Seems to me, if you name your company ‘Netflix’ and it’s not a streaming movie service – then the company is horribly misnamed.
On the flip side, Netflix has taken years to build a highly efficient distribution pipeline optimized for USPS. And they’ve trained their customers to have high expectations for and quickly report any disruptions in that distribution channel. That’s still an asset, there’s still value there – even if it’s no longer applicable to the core business.
There’s only one other internet-based company so experienced in optimizing the delivery of physical goods: Amazon. But Netflix has done Amazon better – they’ve optimized both the delivery and the return.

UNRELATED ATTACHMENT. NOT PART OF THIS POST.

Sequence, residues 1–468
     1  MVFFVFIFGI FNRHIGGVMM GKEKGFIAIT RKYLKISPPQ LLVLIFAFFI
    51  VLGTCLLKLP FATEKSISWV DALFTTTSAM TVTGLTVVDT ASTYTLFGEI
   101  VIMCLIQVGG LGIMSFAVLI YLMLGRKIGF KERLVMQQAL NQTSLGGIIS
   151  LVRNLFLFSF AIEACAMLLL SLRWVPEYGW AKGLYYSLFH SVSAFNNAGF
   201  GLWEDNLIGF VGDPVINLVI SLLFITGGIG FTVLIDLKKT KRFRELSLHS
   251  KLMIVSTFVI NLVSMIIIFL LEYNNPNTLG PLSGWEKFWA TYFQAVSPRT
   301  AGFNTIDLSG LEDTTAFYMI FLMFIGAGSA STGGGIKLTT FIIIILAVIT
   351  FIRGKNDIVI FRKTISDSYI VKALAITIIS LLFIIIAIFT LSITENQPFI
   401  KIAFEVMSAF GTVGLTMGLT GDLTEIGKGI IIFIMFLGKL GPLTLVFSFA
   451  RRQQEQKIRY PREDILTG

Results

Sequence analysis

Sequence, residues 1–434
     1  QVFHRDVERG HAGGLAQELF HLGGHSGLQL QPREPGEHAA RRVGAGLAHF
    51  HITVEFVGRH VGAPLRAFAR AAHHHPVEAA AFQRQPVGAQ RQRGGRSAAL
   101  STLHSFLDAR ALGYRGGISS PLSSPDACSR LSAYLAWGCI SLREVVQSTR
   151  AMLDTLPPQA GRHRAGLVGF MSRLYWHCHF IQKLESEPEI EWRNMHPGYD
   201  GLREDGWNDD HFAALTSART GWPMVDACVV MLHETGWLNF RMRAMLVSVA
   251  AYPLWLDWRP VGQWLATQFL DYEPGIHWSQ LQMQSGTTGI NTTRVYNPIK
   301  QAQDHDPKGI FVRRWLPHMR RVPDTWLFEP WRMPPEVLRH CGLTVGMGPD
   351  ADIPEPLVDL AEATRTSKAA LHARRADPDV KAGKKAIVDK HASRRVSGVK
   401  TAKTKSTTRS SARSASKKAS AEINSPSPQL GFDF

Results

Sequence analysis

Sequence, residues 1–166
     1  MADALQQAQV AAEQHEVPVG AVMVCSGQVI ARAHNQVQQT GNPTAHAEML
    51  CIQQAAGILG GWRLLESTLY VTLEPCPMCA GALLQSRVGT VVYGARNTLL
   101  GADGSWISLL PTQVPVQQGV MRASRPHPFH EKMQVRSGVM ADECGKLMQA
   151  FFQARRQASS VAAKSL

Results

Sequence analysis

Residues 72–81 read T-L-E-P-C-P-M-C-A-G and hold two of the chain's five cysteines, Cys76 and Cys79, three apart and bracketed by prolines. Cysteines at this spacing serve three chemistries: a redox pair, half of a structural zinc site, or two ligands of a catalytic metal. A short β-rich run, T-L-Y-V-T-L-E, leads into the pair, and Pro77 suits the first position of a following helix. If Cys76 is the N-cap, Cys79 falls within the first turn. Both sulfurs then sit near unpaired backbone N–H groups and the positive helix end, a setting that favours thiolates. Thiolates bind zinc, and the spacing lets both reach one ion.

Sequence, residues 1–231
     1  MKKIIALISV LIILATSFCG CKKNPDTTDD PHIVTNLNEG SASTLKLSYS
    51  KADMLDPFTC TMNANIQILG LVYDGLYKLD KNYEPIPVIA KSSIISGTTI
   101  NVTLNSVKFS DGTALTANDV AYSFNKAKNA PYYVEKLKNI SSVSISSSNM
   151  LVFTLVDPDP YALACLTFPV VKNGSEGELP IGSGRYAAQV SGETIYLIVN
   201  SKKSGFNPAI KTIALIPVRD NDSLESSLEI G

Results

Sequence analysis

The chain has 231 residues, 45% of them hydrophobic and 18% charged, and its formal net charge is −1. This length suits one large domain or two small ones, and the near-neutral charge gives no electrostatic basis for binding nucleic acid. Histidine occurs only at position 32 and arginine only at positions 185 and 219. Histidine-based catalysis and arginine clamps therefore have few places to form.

When Amazon realized they had excess capacity – they created a new product offering: Amazon Web Services – web hosting, data storage, etc, etc.
Netflix spun off their excess capacity and their physical distribution/return expertise into a new company: Qwikster. There’s nothing specific about movies, entertainment, the internet, in the name. There’s nothing really – except some vague suggestion of ‘quick’ and an even more vague reference to a social network.
Which means – there’s no expectation of just movies. In fact, the Qwikster site suggests a video game rental offering, a product Netflix never provided. And without a concrete expectation in their name – Qwikster could send anything through their channel they think will fit.
Netflix optimized the physical distribution channel for hard-to-find, items generally used infrequently. The real question is – what will Qwikster do w/ Netflix’s unused capacity?
Finding that space between your local library and Amazon.com.
Need some non-offensive (or offensive) artwork for the walls in your office or a home you’re trying to sell? Just visit the ‘Decor’ tab in Qwikster.com
Qwikster acquires U-Haul?